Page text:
Harris Thayer asks , What about PSA testing for prostate cancer? There has been no mention so far. C’mon, V.A., get with the current program, will ya?

  4. Bob October 28, 2021 at 10:52 am

    For the first time that I’ve been receiving these emails, I saw something that I was very much interested in – cancer screenings. However, as hard as I tried, I either could not figure out the complicated path to scheduling one, AND when I tried to establish an account, or at least verify if I had one already (DS login), it said it would send an email to my inbox. Not there nor in the spam folder. This was basically about a 30 minute waste of time.

  5. Roland Jacobi October 28, 2021 at 9:55 am

    When will the VA start screening for post vaccine test for immunity to covid ?

    • Zach October 30, 2021 at 11:30 pm

      I had to request for it to be included in my annual blood work.

  6. Thomas Martin October 27, 2021 at 10:44 pm

    What about prostate cancer? Mine was caught early BUT I was told just wait 6 months and then check it again??

    When this was found I stopped taking TRT , now I’m miserable joints and muscles ache can’t sleep and more , so now do I continue to live longer but be miserable or restart my TRT and perhaps not live as long but Not be miserable?

    Would love to hear from you

  7. Boughton Thomas R October 27, 2021 at 10:37 pm

    Many of us are quite curious as to when the VA will be offering our Moderna booster shots

  8. Christopher Ingalls October 27, 2021 at 8:53 pm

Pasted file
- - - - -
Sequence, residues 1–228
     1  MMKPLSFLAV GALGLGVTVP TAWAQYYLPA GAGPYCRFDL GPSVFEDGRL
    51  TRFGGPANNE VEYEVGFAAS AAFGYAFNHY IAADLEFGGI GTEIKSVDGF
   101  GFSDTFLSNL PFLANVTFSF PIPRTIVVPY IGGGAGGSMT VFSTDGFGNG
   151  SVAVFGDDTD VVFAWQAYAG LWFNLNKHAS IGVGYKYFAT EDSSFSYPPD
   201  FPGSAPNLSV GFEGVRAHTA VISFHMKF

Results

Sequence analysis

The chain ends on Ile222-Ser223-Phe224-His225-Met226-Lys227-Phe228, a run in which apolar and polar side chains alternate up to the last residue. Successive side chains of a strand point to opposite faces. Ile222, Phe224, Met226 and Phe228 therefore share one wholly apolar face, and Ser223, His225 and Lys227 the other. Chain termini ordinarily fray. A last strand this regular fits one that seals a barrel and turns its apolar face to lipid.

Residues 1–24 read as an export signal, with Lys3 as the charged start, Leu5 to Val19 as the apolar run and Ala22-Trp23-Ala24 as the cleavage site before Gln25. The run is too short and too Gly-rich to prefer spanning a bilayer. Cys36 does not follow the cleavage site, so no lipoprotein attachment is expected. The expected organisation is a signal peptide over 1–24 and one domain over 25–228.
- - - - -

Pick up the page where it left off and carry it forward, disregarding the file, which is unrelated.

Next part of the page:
I was told I had to be 55 or older or be coughing up blood before I could get a test for lung cancer. Is this info correct?

    • Angela Criswell November 2, 2021 at 5:22 pm

      There is a newly revised recommendation from the United States Preventive Services Task Force (USPSTF) where they recommend lung cancer screening by low-dose CT scan (LDCT) for individuals age 50-80 who have a heavy smoking history (20 pack/years or more–so 1 pack/day for 20 years, or 2 packs/day for 10 years…) and who either still currently smoke or have quit within the last 15 years. This lung cancer screening should be carried out for individuals who are *not* showing signs or symptoms of lung cancer–so the person who indicated you needed to be “coughing up blood” was gravely mistaken. Anyone who is showing signs or symptoms of lung cancer like this should receive immediate diagnostic testing, as opposed to preventive services cancer screening. If you meet the USPSTF age and smoking history criteria I mentioned, then the article’s advice to “be persistent” is definitely appropriate! Show your healthcare provider the USPSTF Recommendation and tell them they need to refer you for lung cancer screening: https://www.uspreventiveservicestaskforce.org/uspstf/recommendation/lung-cancer-screening

  9. Kerry Sommers October 27, 2021 at 7:06 pm

    Why aren’t the local Va’s more proactive. It is like pulling teeth to get appointments for these cancers.

Comments are closed.